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...continuation Title Authors Ants in hospital Pesquero et al. (2008) environment and their potential to transmit bacteria
Ant species Microorganisms Hospital unit Pheidole sp1; Escherichia coli; Staphylococcus sp.; Enterococcus sp.; Restrooms, nursery, medical Hipoponera sp1; Klebsiella sp.; Salmonella sp. and Aeromonas sp. offices, kitchen, sterilizing Dorymyrmex pyramicus; room, hematology, Linepithema humile; laboratory, milk kitchen Camponotus sp1; unit, nursing station, suture Brachymyrmex sp1; room, plaster room, Adult Brachymyrmex sp2; and pediatric ICU Paratrechina fulva; Cardiocondyla sp1; Ants (Hymenoptera: Santos et al. (2009) Pheidole sp1 and sp2; Escherichia coli; Warehouse, nursery, chapel, Formicidae) as bacterial Linepithema humile; Pseudomonas aeruginosa; pathogenic and nonsterilizing room, surgical vectors in two hospitals of Wasmannia auropunctata; pathogenic Staphylococcus spp; Streptococcus faecalis center, medical clinic, Camponotus the municipality of and other Enterococcus sp. drugstore, kitchen, Divinópolis, Minas Gerais sp.; Odontomachus sp; bedrooms, laboratory, State Solenopsis sp.; Acromyrmex sp.; maternity, ICU, radiology. and Tapinoma melenocephalum. Characterization of ant fauna Rando et al. (2009) Tapinoma melanocephalu; Staphylococcus sp.; Serratia sp.; Klebsiella sp.; Surgical center, hallways, in establishments of health Paratrechina fulva; Escherichia coli; Salmonella sp.; and drugstore, laundry, nursing area in the municipality of Monomorium pharaonis; Pseudomonas sp.. stations, reception, adult and Bandeirantes, Paraná State. C. atriceps; Brachymyrmex sp.; pediatric inpatient units, and Pheidole sp.4; Pheidole sp.3; ICU Pheidole sp.2; Pheidole sp.1; Dorymyrmex sp. Microbiota associated with Teixeira et al. (2009) Tapinoma melanocephalum. Gram-positive bacilli, Gram-negative bacilli, Gram- Surgical center, and ICU. urban ants in a Brazilian positive cocci, university hospital. Filamentous fungi, Pseudomonas; Staphylococcus; and Streptococcus. Ants (Hymenoptera: Pantoja et al. (2009) Tapinoma melanocephalum; Absidia sp.; NICU, adult ICU, surgical Formicidae) as carriers of Paratrechina longicornis; Acremonium sp.; center, transplant units, fungi in hospitals: emphasis Camponotus; Solenopsis; Acremonium hyalinulum; pediatrics, hematology, Pheidole. on genera Tapinoma and Aspergillus flavus; surgery, gynecology. Pheidole Aspergillus niger; Aspergilluso chraceus; Aspergillus oryzae; Aspergillus sydowii; Aspergillus versicolor; Chrysosporium inops; Cladosporium Sphaerospermum; Cokeromyces sp.; Cunninghamella Bertholletiae; Cyphellophora sp.; Fusarium sp.; Fusarium proliferatum; Fusarium solani; Mortierella;polycephala; Mucor sp.; Mycocentrospora;acerina; Ochroconis gallopava; Paecilomyces marquandii; Paecilomyces variotii; Penicillium sp. Rhinocladiella aquaspersa; Scopulariopsis koningii; Scytalidium sp.; Tritirachium oryzae; Candida albicans; Candida glabrata; Candida guilliermondii; Candida parapsilosis; Rhodotorula sp.; Rhodotorula mucilaginosa; Saccharomyces sp. Association between ants Gonçalves et al. (2011) Cardiocondyla emeryi Pheidole Enterobacteria, Pseudomonas aeruginosa, Surgical center, hallways, (Hymenoptera: Formicidae) nubila, Pheidole spininodis, Pseudomonas fluorescens, Pseudomonas putida, drugstore, laundry, nursing and pathogenic bacteria in Pheidole sp.1, S. saevissima, Staphylococcus epidermidis and Staphylococcus stations, reception, adult and saprophyticus five hospitals in the city of Tetramorium bicarinatum, pediatric inpatient units, and Pelotas ICU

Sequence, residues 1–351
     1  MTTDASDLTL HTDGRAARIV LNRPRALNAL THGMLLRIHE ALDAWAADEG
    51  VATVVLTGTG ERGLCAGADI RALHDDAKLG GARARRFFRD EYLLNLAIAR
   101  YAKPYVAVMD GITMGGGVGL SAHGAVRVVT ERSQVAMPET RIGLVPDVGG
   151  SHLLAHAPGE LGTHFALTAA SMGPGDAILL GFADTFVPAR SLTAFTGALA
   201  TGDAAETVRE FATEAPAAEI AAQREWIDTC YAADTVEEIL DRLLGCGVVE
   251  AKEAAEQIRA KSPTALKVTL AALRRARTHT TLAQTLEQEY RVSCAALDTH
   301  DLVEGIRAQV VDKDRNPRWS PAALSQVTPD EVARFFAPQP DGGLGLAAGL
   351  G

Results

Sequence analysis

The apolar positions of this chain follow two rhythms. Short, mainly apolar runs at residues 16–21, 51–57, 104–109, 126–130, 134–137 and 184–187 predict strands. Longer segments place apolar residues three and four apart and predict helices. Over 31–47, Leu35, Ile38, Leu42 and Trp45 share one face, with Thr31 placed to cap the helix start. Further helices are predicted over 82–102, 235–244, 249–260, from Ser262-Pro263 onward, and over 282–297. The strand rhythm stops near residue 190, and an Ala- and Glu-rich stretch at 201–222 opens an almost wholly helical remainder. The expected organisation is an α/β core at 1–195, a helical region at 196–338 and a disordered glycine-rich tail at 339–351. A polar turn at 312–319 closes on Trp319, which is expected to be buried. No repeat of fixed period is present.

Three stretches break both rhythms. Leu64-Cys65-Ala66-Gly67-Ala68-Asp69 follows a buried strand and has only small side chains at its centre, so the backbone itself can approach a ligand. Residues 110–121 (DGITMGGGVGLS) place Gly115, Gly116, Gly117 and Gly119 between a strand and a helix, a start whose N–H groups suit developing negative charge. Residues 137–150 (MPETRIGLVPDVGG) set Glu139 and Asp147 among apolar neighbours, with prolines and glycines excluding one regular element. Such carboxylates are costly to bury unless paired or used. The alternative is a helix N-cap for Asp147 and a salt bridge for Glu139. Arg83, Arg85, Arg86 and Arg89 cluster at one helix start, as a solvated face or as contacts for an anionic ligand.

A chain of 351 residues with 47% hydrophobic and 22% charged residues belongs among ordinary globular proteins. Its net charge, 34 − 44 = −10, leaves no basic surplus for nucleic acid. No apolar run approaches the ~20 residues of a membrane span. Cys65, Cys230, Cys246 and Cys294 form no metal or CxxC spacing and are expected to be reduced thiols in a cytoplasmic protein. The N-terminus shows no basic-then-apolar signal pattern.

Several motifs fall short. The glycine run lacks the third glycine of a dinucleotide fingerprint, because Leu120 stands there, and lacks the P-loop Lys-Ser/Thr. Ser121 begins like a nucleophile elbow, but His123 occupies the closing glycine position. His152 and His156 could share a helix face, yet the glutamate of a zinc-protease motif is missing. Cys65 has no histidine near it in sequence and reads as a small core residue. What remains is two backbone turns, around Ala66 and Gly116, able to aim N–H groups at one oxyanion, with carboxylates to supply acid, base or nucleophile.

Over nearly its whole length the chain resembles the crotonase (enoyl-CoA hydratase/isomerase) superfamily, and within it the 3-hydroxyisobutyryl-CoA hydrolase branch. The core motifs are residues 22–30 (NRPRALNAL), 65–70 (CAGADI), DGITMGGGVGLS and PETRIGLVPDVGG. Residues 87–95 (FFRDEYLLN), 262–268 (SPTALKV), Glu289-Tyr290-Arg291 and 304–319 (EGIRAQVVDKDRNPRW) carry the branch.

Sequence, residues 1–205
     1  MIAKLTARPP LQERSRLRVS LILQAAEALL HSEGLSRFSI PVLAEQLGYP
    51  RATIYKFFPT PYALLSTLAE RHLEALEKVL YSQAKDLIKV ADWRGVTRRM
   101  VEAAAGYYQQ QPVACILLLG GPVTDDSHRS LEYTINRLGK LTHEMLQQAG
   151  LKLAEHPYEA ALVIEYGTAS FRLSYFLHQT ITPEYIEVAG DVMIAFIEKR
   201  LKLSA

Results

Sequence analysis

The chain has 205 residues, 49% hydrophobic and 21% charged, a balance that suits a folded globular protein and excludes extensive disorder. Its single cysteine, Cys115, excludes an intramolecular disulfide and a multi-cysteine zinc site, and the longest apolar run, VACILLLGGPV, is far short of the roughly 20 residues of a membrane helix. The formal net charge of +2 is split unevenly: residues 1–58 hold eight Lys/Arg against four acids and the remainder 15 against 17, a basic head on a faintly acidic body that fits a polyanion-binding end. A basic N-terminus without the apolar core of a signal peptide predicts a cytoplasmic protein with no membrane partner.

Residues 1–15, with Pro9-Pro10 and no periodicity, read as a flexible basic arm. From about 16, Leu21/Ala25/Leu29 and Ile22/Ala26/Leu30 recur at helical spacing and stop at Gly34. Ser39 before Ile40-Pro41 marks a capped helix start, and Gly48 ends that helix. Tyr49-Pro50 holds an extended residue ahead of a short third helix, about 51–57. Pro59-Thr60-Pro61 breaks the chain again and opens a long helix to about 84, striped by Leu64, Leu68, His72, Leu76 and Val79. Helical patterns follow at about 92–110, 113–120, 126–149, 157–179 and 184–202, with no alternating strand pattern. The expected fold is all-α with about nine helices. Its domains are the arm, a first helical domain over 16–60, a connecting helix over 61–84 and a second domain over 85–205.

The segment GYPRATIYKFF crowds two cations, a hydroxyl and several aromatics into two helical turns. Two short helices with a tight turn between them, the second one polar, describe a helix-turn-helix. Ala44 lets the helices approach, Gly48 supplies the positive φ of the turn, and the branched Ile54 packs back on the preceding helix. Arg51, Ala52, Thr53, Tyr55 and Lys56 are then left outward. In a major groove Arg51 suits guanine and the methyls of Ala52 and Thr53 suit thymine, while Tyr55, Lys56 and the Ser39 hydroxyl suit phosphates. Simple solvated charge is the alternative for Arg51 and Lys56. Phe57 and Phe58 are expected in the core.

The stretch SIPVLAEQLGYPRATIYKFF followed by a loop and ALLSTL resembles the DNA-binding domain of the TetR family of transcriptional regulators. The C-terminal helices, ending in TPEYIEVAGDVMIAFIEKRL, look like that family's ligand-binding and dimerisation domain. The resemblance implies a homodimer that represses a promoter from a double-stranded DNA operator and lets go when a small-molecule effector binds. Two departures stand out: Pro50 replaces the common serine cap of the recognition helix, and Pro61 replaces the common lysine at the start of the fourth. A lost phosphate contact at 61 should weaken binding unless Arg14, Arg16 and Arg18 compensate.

The inpatient units for adults and children, Intensive Care Units (ICU) for adults and children, as well as nursery, surgical centers, nursing stations, Acta Scientiarum. Health Sciences
sterilizing rooms, kitchens and laboratories are among the wards with high infestation of ants (COSTA et al., 2006; LISE et al., 2006; MOREIRA Maringá, v. 35, n. 1, p. 9-14, Jan.-June, 2013
Ants in brazilian hospitals: atention to a silent vector